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Press Release: VDB Loi assists with first Commercial Tax registration by a non-resident

November 10, 2014

VDB Loi, a leading legal and tax advisory firm in Myanmar, was this week able to register an unnamed non-resident foreign company without a branch in Myanmar for Commercial Tax (CT) purposes. According to Myanmar’s tax laws, 5% CT is due on, among other things, all services rendered in the country. This includes services that are performed in Myanmar by foreign or non-resident companies such as engineering, installation, drilling or consulting. Until recently, however, there was confusion about the implementation by foreign companies, many of which were under the impression that the CT did not apply to them, unless they formally opened a branch in the country. That confusion has now been lifted as the Internal Revenue Department (IRD) has issued the first CT registration for a foreign service provider who has no presence or branch in Myanmar.

VDB Loi partner Jean Loi, who worked with the IRD to secure this new type of tax registration said that “Our clients need and want to be compliant with the law. It is quite clear under the law that a foreign service provider must pay the CT for rendering services in Myanmar, even when they have no branch or presence here. The IRD was very constructive to find a workable solution for our clients. Together were able to devise an administrative process for registration and tax payment in such cases. The authorities confirmed this was the first CT registration for a non-resident without a branch. It’s an entirely new implementation. This template will now be used for all similar cases, we understand”.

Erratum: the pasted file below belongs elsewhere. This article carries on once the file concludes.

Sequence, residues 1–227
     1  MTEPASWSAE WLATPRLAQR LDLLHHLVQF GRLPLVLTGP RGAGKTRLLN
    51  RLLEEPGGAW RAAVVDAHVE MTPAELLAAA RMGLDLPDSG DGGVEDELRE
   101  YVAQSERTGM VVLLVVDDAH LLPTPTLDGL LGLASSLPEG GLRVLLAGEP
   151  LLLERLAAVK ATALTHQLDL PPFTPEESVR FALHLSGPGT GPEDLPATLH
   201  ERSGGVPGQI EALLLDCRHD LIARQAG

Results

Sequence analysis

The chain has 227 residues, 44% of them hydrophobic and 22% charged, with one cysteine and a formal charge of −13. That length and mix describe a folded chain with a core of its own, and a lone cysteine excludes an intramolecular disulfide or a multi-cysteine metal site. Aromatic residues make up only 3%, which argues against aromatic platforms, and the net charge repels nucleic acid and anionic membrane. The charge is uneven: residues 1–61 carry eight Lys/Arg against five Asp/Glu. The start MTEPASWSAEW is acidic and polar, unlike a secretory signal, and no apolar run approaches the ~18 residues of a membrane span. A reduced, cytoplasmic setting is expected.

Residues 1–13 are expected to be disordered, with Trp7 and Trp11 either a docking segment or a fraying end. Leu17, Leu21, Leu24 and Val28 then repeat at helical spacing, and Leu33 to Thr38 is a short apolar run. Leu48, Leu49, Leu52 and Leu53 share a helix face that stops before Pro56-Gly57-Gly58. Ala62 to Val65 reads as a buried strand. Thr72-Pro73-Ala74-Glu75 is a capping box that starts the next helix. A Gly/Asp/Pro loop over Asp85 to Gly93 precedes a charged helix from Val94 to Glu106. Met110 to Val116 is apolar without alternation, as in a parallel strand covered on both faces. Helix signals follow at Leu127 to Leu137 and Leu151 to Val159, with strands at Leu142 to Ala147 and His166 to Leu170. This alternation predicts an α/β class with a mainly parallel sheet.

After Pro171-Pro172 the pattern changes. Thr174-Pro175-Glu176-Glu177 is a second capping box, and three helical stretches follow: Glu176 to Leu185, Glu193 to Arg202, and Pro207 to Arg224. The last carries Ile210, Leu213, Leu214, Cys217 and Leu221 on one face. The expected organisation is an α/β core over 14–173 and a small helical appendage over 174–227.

In Myanmar, CT applies to importation of goods, manufacturing of goods and the rendering of (most) services. The common rate is 5%. For example, when a technical services company which is based in Myanmar performs a service for a customer within the country, that company has to pay 5% CT on its fee to the IRD. In case the company performs the service in Myanmar from its overseas affiliate, often the 5% CT was not paid. Some companies even mistakenly believed that they did not even have the duty to pay that 5% CT.

With the IRD offering to register foreign service providers, there is no longer any doubt that the Commercial Tax Law can and should be implemented in full, even by foreign service providers without a commercial presence in Myanmar. Most ASEAN countries impose an indirect tax, such as a VAT or GST, when services are performed within the country. Often it is in fact the payer of the service fee who is held liable for declaring and paying the tax, but such a system of “reverse charge” does not yet exist under the Myanmar Commercial Tax regulations. Until it does, it is the service provider who needs to register, declare and pay the CT in these cases.